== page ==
Flashcards in Mechanisms of Disease Deck (45):
Name 8 causes of cell injury.
What is hypoxia and what is a common cause?
Reduced O2 often caused by ischaemia
What are the reversible changes in hypoxia?
Decreased oxidative phosphorylation and ATP production
Increased anaerobic glycolysis
Accumulation of Na+
Cell swelling via osmosis
Detachment of ribosomes leads to decreased protein synthesis
What are the irreversible changes in hypoxia?
Massive accumulation of intracellular Ca2+ resulting in mass enzyme activation
What are the reversible structural changes in cell injury?
Autophagy - cell self destruction
What are the irreversible structural changes in cell injury?
Nuclear changes - eg. pyknosis, karyorrhexis, and karyolysis
Define necrosis and apoptosis.
Necrosis - changes that occur after cell death in living tissue
Apoptosis - programmed cell death
Name 4 types of necrosis.
Explain coagulative necrosis.
More protein denaturation than enzyme release
Cellular architecture preserved creating ghost outline of cells - only lasts a few days before phagocytosis
Often caused by infarct in solid organs - eg. liver
Explain liquefactive necrosis.
More enzyme release than protein denaturation
Tissue is lysed and disappears
Often caused by infection
Occurs more commonly in loose tissue - eg. lungs
Explain caseous necrosis.
Tissue appears amorphous
Halfway between coagulative and liquefactive
If in the lung, likely to be TB
NEVER MENTION CASEOUS NECROSIS UNLESS TB
Explain fat necrosis.
Cell death in adipose tissue
Dead fat can break off in blood and cause embolism
What is gangrene? Explain the difference between wet and dry gangrene.
Clinical term for grossly visible necrosis.
Dry = coagulative
Wet = liquefactive
What is infarct and how can it be classified?
Necrosis due to ischaemia.
Can be white or red depending on amount of haemorrhage.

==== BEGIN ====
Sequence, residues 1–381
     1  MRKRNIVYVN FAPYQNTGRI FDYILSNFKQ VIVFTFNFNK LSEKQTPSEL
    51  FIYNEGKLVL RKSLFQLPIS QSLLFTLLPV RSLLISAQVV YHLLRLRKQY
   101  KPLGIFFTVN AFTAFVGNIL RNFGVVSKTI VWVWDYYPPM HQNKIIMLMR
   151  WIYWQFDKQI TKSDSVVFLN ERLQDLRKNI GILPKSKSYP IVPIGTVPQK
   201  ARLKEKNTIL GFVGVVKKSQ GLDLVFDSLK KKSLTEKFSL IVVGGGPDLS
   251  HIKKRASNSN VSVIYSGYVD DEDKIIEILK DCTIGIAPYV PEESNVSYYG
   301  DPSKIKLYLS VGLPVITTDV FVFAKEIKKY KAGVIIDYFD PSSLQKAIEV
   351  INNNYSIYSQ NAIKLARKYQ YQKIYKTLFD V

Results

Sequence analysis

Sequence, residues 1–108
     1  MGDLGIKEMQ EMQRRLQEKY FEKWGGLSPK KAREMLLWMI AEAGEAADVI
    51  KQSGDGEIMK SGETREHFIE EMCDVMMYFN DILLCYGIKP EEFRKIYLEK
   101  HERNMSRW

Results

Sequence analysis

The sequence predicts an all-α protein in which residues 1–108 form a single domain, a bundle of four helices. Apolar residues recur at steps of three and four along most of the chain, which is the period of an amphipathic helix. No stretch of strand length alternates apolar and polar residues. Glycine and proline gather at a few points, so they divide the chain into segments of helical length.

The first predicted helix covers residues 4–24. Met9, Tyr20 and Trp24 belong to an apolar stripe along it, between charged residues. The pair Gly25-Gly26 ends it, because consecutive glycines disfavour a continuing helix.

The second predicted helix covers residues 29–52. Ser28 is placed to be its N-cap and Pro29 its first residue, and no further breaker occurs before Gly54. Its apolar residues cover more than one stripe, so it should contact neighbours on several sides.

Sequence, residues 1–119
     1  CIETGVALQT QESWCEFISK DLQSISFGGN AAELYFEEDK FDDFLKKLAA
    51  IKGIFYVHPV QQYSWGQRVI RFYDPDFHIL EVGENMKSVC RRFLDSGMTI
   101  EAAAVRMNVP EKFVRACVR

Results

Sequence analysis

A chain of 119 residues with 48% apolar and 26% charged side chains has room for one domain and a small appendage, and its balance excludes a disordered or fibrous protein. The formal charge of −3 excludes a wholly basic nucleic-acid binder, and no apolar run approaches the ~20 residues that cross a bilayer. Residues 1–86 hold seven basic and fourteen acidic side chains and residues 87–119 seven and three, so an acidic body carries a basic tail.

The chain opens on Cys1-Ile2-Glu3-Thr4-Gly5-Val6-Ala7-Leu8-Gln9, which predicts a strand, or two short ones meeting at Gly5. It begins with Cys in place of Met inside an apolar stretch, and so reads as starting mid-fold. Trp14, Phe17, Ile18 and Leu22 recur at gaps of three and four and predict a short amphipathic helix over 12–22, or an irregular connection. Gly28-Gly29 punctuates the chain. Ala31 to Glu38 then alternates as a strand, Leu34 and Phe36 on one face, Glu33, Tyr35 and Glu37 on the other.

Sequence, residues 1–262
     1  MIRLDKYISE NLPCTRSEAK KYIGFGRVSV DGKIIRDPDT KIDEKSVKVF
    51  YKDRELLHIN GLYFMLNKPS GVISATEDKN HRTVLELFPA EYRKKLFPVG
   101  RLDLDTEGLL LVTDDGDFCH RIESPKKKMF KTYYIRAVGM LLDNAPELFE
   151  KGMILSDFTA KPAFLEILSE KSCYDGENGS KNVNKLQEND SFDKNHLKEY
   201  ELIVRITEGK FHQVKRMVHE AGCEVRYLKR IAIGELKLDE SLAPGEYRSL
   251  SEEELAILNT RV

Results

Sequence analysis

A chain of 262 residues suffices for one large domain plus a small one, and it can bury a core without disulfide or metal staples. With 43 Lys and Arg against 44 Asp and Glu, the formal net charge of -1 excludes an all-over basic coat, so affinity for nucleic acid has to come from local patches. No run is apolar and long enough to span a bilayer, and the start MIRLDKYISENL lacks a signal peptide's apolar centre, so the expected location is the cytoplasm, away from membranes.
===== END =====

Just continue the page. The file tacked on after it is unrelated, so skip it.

Explain the differences between white and red infarct.
White infarct - occlusion of an end artery, leaving the area completely devoid of blood, much like Voldemort's soul.
Red infarct - there some collateral supply, which leads to congestion of blood in the damaged tissue.
Describe what you would see in apoptosis.
Cells appear shrunken and very eosinophilic (pink)
Chromatin condensation, pyknosis, nuclear fragmentation
Name the three stages of apoptosis.
Describe the intrinsic and extrinsic pathways in apoptosis.
Intrinsic - all apoptotic machinery within cell. Caused by DNA damage, lack of growth factors/hormones etc.
Extrinsic - TRAIL and Fas bind to death receptors
Both lead to capsase activations (proteases which mediate apoptosis)
What can you see during degradation in apoptosis?
Cell breaks into membrane bound fragments called apoptotic bodies. These are phagocytosed.
Name 7 important mediators of apoptosis and their general function.
p53 - Guardian of the Genome - acts in response to DNA damage
TRAIL - death ligand
TRAIL-R - death receptor
BcI-2 - inhibits cytochrome c release
Caspase - effector molecule of apoptosis
Cytochrome C (from mitochondria), APAF 1 and caspase 9 form the apoptosome (protein which causes apoptosis)
Name and describe two reactions which produce free radicals.
Fenton rection - Fe2+ + H2O2 -> Fe3+ + OH- + *OH
Haber-Weiss reaction - O2- + H+ + H2O2 -> O2 + H2O + *OH
Name 5 causes of acute inflammation. Bitch.
List the cardinal signs of acute inflammation.
Calor - heat